President BidenJoe BidenBiden: Democrats' spending plan is 'a bigger darn deal' than Obamacare Biden says he's open to altering, eliminating filibuster to advance voting rights Biden: Comment that DOJ should prosecute those who defy subpoenas 'not appropriate' MORE does not plan to extend the Aug. 31 deadline for withdrawing all U.S. troops from Afghanistan, an administration official confirmed Tuesday.
Biden will accept a recommendation from Pentagon officials that more time is not necessary to evacuate American citizens and civilians from the country. Biden has asked for contingency plans should the situation change and more time is needed, the White House said in a statement.
Biden held a virtual call on Tuesday morning with other Group of Seven leaders, some of whom had advocated for the president to extend the mission into September so vulnerable Afghans could be safely evacuated.
But the White House said Biden conveyed to those leaders that the mission is "currently on pace to finish by August 31st."
"He also made clear that with each day of operations on the ground, we have added risk to our troops with increasing threats from ISIS-K, and that completion of the mission by August 31st depends on continued coordination with the Taliban, including continued access for evacuees to the airport," press secretary Jen PsakiJen PsakiBiden says he would tap National Guard to help with supply chain issues GOP memo urges lawmakers to blame White House 'grinches' for Christmas delays Regional powers rally behind Taliban's request for humanitarian aid MORE said in a statement. "In addition, the President has asked the Pentagon and the State Department for contingency plans to adjust the timeline should that become necessary."
The president has previously said U.S. forces would remain in Afghanistan into September if needed to bring all Americans home, but he has expressed optimism an extension would not be necessary.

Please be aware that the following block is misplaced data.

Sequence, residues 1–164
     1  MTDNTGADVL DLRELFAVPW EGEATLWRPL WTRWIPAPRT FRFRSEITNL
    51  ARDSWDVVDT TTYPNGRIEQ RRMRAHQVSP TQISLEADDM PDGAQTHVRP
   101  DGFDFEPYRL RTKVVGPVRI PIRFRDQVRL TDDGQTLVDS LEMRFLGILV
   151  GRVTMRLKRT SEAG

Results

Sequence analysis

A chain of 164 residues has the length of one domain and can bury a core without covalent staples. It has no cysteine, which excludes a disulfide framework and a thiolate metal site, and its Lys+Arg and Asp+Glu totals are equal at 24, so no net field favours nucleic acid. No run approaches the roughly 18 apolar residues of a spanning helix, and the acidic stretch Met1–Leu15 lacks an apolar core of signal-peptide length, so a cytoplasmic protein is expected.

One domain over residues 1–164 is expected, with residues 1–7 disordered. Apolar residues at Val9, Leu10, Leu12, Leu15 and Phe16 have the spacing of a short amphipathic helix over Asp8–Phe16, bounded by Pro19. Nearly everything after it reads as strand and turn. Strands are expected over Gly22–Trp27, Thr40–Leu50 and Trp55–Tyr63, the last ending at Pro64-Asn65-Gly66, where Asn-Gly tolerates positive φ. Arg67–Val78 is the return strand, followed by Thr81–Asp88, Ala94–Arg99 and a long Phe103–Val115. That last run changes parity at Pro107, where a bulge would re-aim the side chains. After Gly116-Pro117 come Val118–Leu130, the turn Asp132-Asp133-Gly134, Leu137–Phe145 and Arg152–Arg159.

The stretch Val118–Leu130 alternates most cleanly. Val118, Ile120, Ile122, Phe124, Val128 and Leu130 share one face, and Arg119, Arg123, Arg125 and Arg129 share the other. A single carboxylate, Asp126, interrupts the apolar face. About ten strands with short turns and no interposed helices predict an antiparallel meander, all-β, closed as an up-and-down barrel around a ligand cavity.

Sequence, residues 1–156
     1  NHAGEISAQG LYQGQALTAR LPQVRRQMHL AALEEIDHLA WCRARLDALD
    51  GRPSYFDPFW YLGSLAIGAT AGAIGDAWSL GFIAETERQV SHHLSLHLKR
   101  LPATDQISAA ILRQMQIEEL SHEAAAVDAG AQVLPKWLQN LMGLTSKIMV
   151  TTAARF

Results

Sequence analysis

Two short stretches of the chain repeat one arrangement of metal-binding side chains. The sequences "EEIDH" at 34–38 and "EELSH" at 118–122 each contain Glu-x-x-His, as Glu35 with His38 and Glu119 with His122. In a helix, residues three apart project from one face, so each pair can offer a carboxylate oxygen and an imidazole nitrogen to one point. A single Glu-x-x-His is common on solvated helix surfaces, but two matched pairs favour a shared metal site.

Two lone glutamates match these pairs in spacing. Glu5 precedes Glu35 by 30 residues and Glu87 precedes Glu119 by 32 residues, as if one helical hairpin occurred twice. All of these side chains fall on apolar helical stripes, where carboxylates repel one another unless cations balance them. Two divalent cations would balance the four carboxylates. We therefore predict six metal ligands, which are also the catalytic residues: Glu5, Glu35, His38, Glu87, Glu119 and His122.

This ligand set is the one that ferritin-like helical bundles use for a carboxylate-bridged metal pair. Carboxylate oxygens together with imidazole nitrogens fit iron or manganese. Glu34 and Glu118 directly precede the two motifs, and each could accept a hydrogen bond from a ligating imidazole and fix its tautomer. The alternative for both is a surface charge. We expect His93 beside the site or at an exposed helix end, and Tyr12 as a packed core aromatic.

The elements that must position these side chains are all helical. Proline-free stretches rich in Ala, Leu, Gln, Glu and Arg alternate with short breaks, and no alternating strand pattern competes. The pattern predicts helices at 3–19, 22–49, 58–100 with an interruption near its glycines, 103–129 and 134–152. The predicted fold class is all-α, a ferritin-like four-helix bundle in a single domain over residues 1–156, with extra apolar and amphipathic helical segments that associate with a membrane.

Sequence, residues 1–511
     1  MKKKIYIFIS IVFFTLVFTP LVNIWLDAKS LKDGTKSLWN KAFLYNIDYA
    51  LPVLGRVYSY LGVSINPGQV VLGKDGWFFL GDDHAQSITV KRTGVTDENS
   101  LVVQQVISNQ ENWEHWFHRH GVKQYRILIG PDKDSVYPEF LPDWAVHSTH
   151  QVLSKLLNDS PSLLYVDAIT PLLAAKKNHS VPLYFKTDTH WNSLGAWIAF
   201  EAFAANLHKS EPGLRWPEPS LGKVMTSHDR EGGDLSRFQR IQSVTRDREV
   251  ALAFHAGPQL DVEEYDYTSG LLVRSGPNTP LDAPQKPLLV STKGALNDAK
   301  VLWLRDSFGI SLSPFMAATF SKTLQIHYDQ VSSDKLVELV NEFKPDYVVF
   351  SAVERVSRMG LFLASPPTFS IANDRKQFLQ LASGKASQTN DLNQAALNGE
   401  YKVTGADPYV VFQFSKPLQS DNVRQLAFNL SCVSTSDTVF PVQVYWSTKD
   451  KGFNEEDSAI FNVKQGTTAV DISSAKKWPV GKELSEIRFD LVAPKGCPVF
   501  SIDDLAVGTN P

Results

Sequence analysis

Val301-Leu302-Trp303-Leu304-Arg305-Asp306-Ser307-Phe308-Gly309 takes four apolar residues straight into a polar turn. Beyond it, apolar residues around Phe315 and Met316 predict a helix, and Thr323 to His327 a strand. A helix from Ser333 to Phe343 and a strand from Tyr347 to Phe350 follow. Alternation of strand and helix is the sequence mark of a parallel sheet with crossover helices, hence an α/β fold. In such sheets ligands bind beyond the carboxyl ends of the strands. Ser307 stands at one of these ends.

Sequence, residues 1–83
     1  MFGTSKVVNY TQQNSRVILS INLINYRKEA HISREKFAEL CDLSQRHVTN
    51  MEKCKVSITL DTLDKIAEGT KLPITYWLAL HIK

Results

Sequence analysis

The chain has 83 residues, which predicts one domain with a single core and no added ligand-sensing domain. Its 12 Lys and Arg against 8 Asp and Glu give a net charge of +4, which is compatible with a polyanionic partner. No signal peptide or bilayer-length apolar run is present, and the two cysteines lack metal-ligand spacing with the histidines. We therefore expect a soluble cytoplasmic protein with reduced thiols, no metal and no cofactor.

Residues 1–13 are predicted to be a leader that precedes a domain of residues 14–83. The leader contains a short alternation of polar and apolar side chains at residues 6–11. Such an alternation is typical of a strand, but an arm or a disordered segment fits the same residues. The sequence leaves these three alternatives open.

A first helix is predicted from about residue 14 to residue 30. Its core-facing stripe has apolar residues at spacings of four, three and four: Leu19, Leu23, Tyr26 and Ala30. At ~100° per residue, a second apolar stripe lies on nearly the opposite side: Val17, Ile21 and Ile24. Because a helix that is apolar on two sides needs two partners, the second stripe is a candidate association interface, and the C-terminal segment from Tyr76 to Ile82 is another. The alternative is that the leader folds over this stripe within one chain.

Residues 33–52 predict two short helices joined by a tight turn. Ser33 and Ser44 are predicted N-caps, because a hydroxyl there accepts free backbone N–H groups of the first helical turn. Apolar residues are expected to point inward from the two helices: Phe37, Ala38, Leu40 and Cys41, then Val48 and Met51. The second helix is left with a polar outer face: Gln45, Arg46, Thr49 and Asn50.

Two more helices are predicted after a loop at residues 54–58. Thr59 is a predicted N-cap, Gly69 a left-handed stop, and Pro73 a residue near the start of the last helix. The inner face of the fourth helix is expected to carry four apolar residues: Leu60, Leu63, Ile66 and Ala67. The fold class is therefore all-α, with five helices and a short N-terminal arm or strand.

"There's discussions going on among us and the military about extending," Biden said Sunday. "Our hope is we will not have to extend, but there are going to be discussions, I suspect, on how far along we are in the process."
Lawmakers on Monday suggested sticking with the Aug. 31 timeline was likely overly ambitious, given how many Americans and Afghan allies still needed to be evacuated.
“It's hard for me to imagine all of that can be accomplished between now and the end of the month,” House Intelligence Committee Chairman Adam SchiffAdam Bennett SchiffHouse votes to hold Bannon in contempt of Congress The Hill's 12:30 Report - Presented by Altria - Manchin heatedly dismisses rumors of leaving Democratic Party Bannon eyed as key link between White House, Jan. 6 riot MORE (D-Calif.) told reporters.
Biden has repeatedly defended his decision to pull U.S. forces out of Afghanistan after roughly 20 years, arguing the United States's national security objectives were accomplished and it was time for Afghans to fight on their own. But the effort has been marred by images of chaos around the Kabul airport as massive crowds formed, Americans reported being threatened or beaten by Taliban fighters, and Afghan allies fear for their safety.
The United States has steadily and rapidly increased its capacity for evacuating civilians in recent days.
The U.S. military flew out roughly 12,700 people on 37 flights on Monday, the largest single day of airlifts out of the country. In total, approximately 21,600 people were evacuated from Afghanistan during the 24-hour period between early Monday and early Tuesday, a White House official said, including 8,900 people who were transported on 57 coalition flights.
Since Aug. 14, the U.S. has evacuated or facilitated the evacuation of about 58,700 people, the White House said.
The Taliban, which swiftly took control of major Afghan cities before seizing the capital of Kabul just more than a week ago, have said any extension that would keep U.S. forces in the country beyond Aug. 31 would be viewed as a red line.
The White House has acknowledged it is in contact with Taliban officials to try and secure safe passage to the Kabul airport to facilitate evacuation flights. CIA Director William BurnsWilliam BurnsThe CIA's next mission: Strategic competition with China and Russia Defense & National Security — Military starts giving guidance on COVID-19 vaccine refusals Blinken pressed to fill empty post overseeing 'Havana syndrome' MORE reportedly met with a Taliban leader on Monday, making him the highest-ranking official to have talks with the group since it took power.
But officials disputed that
"Ultimately, it will be the president's decision how this proceeds, no one else's," national security adviser Jake SullivanJake SullivanSullivan raised normalizing relations with Israel during meeting with Saudi crown prince: report Biden struggles to rein in Saudi Arabia amid human rights concerns Hillicon Valley — Presented by LookingGlass — World leaders call for enhanced cooperation to fight wave of ransomware attacks MORE said Monday.
—Updated at 3:10 p.m.